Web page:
Compensatory damages are intended to compensate the plaintiff of a lawsuit with enough money to cover the actual amount of the injury or loss. There are two basic types of compensatory damages, actual and general. Actual damages are intended to provide the monetary amount necessary to replace what was lost and nothing more.
Actual compensatory damages include:
- Medical and hospital bills
- Medical treatments
- Rehabilitation expenses
- Physical therapy
- Ambulance expenses
- Medicine and Prescription drugs
- Nursing home care
- Domestic services
- Medical equipment
- Lost wages or lost employment income
- Increased living expenses
- Property replacement or repair
To be awarded actual compensatory damages, the plaintiff must prove that the losses suffered equate to a monetary value that a judge or jury can determine.
An accident victim can also be compensated for general damages. General damages include estimates of loss not involving actual monetary expenditure such as:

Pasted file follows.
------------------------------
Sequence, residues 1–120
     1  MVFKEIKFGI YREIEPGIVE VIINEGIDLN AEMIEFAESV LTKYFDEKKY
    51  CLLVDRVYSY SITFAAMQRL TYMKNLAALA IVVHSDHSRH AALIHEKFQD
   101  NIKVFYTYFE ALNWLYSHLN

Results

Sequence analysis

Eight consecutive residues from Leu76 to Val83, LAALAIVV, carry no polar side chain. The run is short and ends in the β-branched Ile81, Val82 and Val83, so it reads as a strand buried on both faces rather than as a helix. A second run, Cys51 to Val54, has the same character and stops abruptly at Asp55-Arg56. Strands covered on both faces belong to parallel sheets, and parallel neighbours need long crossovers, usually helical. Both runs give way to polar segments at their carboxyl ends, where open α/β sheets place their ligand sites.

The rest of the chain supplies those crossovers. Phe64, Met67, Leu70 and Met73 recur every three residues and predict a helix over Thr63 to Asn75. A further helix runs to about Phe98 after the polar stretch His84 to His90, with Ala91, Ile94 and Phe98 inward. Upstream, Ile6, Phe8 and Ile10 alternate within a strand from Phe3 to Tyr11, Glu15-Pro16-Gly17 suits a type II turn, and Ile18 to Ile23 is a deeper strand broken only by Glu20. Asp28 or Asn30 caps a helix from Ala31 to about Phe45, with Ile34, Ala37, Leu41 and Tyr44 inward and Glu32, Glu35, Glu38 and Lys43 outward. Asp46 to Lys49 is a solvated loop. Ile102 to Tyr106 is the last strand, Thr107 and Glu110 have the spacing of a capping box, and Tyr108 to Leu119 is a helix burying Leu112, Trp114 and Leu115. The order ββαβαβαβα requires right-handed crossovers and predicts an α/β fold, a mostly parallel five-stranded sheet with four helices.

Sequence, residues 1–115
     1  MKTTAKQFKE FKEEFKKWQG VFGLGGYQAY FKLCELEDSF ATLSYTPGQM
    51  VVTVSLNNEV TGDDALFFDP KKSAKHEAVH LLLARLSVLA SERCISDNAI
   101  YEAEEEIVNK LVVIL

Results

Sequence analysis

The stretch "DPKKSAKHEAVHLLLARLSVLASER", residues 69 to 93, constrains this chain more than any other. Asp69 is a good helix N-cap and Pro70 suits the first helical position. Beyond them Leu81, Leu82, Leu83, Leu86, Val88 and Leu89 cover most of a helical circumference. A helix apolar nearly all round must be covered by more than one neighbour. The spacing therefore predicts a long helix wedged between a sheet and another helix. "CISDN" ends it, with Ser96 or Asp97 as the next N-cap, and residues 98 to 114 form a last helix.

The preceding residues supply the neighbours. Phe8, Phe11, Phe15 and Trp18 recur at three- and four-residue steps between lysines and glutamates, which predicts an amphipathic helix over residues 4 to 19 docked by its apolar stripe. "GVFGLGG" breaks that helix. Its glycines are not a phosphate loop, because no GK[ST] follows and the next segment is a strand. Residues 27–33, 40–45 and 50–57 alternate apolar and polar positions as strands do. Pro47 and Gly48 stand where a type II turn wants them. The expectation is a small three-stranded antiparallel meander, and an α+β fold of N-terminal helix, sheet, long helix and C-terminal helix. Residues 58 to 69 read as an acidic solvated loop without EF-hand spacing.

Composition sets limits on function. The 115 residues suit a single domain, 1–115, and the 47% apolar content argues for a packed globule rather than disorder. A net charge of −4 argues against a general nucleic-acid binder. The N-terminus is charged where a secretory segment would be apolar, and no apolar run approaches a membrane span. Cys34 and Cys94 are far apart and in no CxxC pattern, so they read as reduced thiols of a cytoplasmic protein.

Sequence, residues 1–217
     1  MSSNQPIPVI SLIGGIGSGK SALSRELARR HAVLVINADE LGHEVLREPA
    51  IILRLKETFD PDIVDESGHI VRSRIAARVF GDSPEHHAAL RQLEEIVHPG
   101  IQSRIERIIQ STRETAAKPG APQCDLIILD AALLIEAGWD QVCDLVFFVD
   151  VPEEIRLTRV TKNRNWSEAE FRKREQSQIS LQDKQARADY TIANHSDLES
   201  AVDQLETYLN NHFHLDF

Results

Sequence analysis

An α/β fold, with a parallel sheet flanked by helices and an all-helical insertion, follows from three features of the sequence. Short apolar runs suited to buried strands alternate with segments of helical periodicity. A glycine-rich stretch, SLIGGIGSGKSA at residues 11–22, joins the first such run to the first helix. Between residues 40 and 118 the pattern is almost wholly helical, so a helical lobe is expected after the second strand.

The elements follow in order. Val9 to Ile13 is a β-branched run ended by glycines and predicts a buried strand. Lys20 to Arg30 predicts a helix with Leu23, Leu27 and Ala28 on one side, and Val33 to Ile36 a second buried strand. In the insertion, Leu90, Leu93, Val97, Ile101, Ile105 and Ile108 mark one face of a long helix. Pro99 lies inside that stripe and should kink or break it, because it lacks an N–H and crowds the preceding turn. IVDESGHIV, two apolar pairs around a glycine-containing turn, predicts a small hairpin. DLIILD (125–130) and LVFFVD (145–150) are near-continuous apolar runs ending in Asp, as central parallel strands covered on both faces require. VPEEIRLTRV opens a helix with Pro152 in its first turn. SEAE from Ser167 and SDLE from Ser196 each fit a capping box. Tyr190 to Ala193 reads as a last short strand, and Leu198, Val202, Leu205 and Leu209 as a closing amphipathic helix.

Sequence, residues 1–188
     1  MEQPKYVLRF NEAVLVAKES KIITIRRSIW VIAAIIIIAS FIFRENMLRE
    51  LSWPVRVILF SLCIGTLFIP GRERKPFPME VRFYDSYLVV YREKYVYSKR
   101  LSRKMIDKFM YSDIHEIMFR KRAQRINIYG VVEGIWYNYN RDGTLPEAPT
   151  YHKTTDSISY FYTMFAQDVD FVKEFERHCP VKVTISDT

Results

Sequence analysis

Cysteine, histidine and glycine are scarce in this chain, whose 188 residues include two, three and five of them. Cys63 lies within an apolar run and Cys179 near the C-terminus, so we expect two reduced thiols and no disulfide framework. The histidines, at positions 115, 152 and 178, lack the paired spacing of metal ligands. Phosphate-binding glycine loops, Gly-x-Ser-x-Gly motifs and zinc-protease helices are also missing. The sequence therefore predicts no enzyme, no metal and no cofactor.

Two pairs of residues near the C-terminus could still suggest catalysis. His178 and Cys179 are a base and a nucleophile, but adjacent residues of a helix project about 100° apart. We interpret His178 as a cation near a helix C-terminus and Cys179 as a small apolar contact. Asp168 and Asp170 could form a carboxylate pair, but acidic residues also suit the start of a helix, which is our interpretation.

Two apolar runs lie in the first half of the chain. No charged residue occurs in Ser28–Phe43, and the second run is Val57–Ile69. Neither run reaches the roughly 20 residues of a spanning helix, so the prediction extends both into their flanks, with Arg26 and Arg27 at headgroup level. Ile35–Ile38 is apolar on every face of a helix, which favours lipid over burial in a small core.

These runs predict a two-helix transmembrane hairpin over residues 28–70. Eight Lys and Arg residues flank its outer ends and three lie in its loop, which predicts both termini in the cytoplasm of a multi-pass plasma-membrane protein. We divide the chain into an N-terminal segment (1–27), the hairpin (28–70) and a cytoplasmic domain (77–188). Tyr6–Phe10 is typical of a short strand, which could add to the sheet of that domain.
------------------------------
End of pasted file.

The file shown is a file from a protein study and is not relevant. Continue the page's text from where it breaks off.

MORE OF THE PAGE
- Mental anguish
- Future medical expenses
- Future lost wages
- Long-term physical pain and suffering
- Loss of consortium
- Loss of enjoyment of life
- Loss of opportunity
Compensatory damages are the most common type of damage award in medical malpractice lawsuits, usually for medical bills, hospital bills, rehabilitation expenses, and compensation for lost earnings. Some compensatory damages can be difficult to assess. For example, the value of lost wages will be much higher for a more affluent member of society versus someone poor or retired.
In addition to compensatory damages, the plaintiff may be eligible for punitive damages intended to punish the defendant’s behavior.